We compared an art-inspired food presentation to a condition where the same ingredients were arranged in a more regular manner, or else in a neat (and hence effortful) but non-artistic manner. Before the participants had tasted the food, the artistic plating was liked more than both the regular and neat food presentations, as well as being recognized as more artistic and complex than either of the other two presentations, even though the participants were not informed that the dish was supposed to mimic a work of art. After eating, participants rated the food presented in the art-inspired as being more flavourful.
Art-infused food design
The fact that the participants in the present study liked the art-inspired dish more presumably reflects that they were actually able to recognize an artistic pattern in the food intuitively. The debate concerning what can be considered as ‘art’ has, for a long time, involved philosophers, aesthetes, psychologists, and, more recently, cognitive neuroscientists [29, 30]. It is reasonable to assume that since art involves, at least in part, the ability to communicate feelings and sensations [30, 31], the art-inspired presentation of the food could have been an edible rendition of the message originally intended by Kandinsky on the canvas ‘Painting number 201’. Indeed, the differences between ratings of ‘liking’, ‘artistic value’ and ‘complexity’ could be attributed to an absolute aesthetic value that would have been transferred from the painting to the food design. According to another point of view, however, one could simply argue that art is that which viewers categorize as such [32, 33].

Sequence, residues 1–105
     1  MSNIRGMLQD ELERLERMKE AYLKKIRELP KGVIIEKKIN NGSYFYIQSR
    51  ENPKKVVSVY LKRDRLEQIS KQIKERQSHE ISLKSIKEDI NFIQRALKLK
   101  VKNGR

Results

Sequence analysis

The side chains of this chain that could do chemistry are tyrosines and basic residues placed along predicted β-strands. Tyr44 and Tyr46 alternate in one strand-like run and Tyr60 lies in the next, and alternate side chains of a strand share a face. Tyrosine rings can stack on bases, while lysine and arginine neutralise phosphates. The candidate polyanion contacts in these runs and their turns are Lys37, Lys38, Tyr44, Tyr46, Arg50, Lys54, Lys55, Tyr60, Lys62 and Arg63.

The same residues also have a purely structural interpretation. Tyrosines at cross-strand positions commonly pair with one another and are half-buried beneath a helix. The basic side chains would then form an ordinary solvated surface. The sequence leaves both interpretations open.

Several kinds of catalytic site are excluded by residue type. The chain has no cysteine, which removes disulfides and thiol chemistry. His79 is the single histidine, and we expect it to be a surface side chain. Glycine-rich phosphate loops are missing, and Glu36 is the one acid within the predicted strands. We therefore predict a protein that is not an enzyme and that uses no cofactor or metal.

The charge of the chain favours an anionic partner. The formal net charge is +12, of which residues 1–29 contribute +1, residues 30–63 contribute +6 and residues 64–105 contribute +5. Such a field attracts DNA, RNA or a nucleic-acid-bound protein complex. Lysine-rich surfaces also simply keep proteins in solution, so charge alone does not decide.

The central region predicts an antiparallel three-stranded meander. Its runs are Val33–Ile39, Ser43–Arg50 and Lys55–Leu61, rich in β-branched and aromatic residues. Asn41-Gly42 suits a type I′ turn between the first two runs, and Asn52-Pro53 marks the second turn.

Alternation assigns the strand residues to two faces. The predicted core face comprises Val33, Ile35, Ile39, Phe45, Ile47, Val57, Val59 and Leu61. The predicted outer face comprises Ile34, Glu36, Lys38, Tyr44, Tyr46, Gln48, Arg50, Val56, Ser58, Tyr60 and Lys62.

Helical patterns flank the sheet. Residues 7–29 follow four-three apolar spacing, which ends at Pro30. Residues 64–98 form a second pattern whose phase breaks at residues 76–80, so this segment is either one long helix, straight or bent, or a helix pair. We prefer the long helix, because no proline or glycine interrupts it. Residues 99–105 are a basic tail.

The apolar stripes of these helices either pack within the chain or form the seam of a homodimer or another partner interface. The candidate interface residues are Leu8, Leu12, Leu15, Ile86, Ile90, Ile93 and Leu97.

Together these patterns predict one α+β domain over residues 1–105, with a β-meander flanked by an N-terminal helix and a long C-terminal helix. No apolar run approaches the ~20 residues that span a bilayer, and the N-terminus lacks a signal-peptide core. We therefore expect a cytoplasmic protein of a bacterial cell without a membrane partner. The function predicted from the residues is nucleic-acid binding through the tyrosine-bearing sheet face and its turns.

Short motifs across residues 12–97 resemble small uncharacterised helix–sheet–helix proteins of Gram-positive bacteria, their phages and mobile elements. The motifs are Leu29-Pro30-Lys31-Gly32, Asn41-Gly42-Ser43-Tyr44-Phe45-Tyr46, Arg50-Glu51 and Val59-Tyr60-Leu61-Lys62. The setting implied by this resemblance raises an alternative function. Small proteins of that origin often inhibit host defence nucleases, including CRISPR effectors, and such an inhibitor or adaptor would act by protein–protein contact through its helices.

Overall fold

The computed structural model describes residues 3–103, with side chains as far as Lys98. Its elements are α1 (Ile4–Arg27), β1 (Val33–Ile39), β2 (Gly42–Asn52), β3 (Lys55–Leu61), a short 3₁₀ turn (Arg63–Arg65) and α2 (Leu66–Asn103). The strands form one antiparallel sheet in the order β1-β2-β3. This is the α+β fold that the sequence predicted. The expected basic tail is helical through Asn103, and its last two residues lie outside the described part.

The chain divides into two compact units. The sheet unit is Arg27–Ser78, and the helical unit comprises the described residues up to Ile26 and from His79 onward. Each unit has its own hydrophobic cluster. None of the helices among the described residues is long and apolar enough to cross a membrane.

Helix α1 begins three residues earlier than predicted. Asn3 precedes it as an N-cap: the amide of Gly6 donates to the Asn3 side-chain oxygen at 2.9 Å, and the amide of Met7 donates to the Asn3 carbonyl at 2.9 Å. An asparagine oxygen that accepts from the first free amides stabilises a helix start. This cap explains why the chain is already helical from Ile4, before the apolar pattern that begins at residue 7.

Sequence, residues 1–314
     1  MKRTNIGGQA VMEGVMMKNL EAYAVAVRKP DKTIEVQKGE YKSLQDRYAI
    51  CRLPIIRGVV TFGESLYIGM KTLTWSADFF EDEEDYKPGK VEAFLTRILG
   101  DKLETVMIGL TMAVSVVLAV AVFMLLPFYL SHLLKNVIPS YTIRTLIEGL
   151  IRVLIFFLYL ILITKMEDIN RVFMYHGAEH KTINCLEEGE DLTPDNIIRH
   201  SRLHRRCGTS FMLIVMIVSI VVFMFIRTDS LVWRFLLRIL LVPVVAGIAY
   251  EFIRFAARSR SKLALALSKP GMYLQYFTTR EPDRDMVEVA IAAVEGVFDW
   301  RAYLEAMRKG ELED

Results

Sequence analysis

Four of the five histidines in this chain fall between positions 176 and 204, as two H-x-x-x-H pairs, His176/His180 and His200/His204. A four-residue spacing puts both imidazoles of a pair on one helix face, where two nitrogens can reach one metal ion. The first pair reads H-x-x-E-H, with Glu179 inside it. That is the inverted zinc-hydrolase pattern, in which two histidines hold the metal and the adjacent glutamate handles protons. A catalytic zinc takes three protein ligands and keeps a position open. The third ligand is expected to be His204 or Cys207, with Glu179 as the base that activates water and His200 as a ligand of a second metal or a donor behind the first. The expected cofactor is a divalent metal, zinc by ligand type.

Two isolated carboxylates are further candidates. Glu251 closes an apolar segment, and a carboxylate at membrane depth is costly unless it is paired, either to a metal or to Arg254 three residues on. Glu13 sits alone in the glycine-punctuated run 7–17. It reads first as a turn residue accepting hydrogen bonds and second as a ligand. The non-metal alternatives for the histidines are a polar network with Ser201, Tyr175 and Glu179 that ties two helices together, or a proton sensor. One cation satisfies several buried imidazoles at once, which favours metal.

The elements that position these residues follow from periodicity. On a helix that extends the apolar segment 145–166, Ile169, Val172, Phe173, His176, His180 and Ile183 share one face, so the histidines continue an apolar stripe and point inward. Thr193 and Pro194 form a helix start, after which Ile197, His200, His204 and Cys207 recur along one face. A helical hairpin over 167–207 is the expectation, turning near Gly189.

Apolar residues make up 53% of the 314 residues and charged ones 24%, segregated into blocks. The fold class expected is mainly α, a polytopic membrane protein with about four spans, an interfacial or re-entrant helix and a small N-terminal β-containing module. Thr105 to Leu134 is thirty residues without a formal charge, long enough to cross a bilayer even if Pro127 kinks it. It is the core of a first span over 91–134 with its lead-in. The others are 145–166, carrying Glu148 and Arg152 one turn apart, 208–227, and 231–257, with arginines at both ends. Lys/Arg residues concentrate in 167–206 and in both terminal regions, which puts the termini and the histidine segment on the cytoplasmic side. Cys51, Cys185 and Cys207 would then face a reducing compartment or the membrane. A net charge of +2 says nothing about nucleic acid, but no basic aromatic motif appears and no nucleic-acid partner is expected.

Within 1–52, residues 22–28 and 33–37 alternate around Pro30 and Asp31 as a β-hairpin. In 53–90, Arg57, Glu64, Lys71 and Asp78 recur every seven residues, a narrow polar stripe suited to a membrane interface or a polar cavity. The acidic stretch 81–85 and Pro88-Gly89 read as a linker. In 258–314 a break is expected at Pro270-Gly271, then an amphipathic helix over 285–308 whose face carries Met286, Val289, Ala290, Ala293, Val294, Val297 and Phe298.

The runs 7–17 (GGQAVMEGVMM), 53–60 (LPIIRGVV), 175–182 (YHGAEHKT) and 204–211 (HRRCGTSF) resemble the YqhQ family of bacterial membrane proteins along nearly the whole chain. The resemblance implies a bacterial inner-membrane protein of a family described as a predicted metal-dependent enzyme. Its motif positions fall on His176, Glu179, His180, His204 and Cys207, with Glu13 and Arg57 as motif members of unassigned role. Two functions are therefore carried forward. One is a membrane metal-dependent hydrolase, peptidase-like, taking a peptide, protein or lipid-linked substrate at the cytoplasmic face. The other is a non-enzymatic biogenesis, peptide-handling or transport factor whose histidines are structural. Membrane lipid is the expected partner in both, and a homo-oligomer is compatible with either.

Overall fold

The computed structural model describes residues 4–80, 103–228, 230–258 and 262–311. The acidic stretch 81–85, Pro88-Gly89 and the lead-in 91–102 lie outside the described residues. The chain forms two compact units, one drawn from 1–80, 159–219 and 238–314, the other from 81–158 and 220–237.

The concept of an identifiable pattern is not an unusual idea in the field of art , and this could have led the participants to define the dish as being more artistic because patterns (of colour and shape) were easy to identify. If this were to have been the case, the identified patterns could also have influenced the participants’ liking judgments. Although participants’ personal preferences (or taste) in art could have influenced our results, it should be noted that the display of art has been shown to activate reward systems in the human brain . Results reported by Ramachandran  show that people may experience some sort of reward when processing visually complex stimuli (as, indeed, the art-inspired presentation was perceived by our participants). Furthermore, in one experiment, both art experts and novices were found to rate more complex artistic stimuli as being more interesting . Indeed, the way the diners’ interest is cultivated in high-end restaurants through highly complex food preparations and presentations, amongst other factors, is probably a key aspect of designing pleasurable food experiences.
A different perspective on the effect of plating on participants’ responses to the food would be to consider the ‘Art-Infusion’ phenomenon as advanced by Hagtvedt and Patrick . According to this theory, consumers evaluate products more favourably when they are associated with art. In this case, the art-inspired dish might have implicitly suggested a connotation of higher value (or effort) through the visual display, value that might have helped to deliver a more pleasurable eating experience.